In 1969, Betty Sue Tinker, then a high school student in Des Moines, Iowa, wore an armband to school to protest the war in Vietnam. When her mother told her not to do so again, she disobeyed her. As a result, Betty Sue was punished by being forced to remove the armband for ten days. Her parents took her to court, arguing that by forcing their daughter to wear something on her arm that expressed an idea without her consent, the school district had violated her rights under the First Amendment. A federal judge agreed with the Tinker family and ordered that their daughter be allowed to wear the armband again. However, the Eighth Circuit Court of Appeals reversed the decision, saying that because the armband could be interpreted as a political statement, it constituted "prohibited conduct" under the school district's anti-picketing rule. Thus, the court concluded that the First Amendment did not protect Betty Sue from being punished for her act.

The Supreme Court unanimously reversed the appellate court's decision.

How did Tinker v. Des Moines change the Constitution?

The Supreme Court held in Tinker v. Des Moines Independent Community School District on February 24, 1969, that kids at school preserved their First Amendment right to free expression. The tale of this historic case begins four years earlier, with the first wave of anti-Vietnam War rallies. When students at Drake University protested the war by wearing black armbands to class, their teacher warned them they might be punished if they didn't remove the bands. When they refused, they were himself suspended for five days.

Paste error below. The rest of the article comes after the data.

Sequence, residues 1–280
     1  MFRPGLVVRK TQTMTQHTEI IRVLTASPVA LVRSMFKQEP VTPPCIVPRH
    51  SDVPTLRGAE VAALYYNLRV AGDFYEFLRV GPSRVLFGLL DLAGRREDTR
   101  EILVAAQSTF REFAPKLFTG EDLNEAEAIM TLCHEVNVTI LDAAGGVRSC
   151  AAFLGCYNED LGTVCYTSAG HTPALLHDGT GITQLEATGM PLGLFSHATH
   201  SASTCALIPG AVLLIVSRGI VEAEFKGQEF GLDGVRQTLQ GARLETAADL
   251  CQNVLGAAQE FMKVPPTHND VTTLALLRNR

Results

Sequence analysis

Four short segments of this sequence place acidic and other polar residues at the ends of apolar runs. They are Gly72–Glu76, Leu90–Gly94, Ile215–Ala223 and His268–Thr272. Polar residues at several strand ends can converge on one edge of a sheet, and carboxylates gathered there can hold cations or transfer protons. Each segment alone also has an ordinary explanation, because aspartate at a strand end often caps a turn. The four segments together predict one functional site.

Drake tried to cancel its speech period so teachers could teach history instead. The students sued, and the court ruled 8-0 that the school district had violated their rights. Justice Abe Fortas wrote the opinion for the court, which also included justices Hugo L. Black, William O. Douglas, John Marshall Harlan II, Potter Stewart, and Lewis F. Powell Jr.

Their decision overturned two decades of precedent that had given schools the power to censor student speech. It started a debate about how to balance students' freedom of expression with others' rights to be taught in an environment that's safe for all students.

Tinker has been interpreted as giving students the right to protest without being punished by their schools. It also helped pave the way for gay rights movements later in the 20th century.

How did the Bethel School District v. Fraser case differ from the Tinker v. Des Moines case?

It argued that Fraser's speech was no different than the student speech in Tinker v. Des Moines Independent Community School District (1969), in which the United States Supreme Court ruled that school officials could not discipline students who wore black armbands to protest the Vietnam War solely on the basis of fear...

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Lois Bolden

Lois Bolden has been an international journalist for over 15 years. She has covered topics such as geopolitics, energy, environment and development as well as human rights. She is now living in the US where she focuses on covering immigration issues and other hot-topic issues that involve the US in foreign affairs.